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Last Updated: Tuesday, 28 August 2007, 13:14 GMT 14:14 UK
Moi throws weight behind Kibaki
Kibaki (right) and Moi (left)  (File photo)
Kibaki (right) was vice-president for 10 years under Moi (left)
Former Kenyan President Daniel arap Moi has backed his successor Mwai Kibaki's bid for a second presidential term in elections later this year.

The former leader said he had been observing the country's politics and was convinced that President Kibaki was the best candidate to unite Kenya.

Mr Moi stood down after 2002 elections, in which his Kanu party was defeated by a coalition led by Mr Kibaki.

The endorsement is a major boost for the incumbent's re-election bid.

The former leader, who ruled Kenya for 24 years, still wields great political influence.

Mr Moi said he was disappointed that "tribalism and selfish individual interests have been entrenched in our society".

"After very careful assessment, informed by my political experience spanning half a century, I am convinced that Mwai Kibaki ought to be given the chance to complete the constitutionally accepted two-term tenure," Mr Moi said during a news conference.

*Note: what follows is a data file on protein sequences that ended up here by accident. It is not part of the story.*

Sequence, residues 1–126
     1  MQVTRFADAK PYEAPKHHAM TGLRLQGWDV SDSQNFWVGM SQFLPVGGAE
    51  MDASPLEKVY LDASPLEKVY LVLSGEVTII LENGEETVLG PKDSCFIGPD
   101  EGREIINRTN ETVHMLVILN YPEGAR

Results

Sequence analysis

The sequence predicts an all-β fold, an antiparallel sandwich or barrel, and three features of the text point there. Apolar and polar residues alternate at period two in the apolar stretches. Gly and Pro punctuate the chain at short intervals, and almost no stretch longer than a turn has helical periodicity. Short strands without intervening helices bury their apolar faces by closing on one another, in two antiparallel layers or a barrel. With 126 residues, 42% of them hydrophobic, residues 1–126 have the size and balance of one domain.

Unity hope

"You have seen President Kibaki's development agenda that he has shown. He is not tribalist, he is development-minded and he is for the unity of the people of this country," he said, adding that he would be campaigning for President Kibaki in the run up to the December elections.

Former Kenyan cabinet minister Nicholas Biwott
The move will be a blow for ex-Moi aide Nicholas Biwott

Mr Moi also lashed out at the opposition Orange Democratic Movement (ODM), saying it was a divisive party.

"Above all, all of them are driven by hate. I don't want Kenya to end in chaos," said the self-styled professor of politics.

Politicians allied to the ODM accused the former president of trying to scuttle the opposition movement.

In July, Mr Kibaki appointed Mr Moi as a special peace envoy to Sudan to help facilitate a peace deal in southern Sudan where Kenya has strong economic interests.

Political analysts have seen the thawing of relations between Mr Moi and the incumbent president in recent months as a sign that they may have been planning a loose coalition.

Kenya has enjoyed growing economic strength under President Kibaki, but this has been marred by endemic corruption which has continued to thrive despite the government's pledges to end it.




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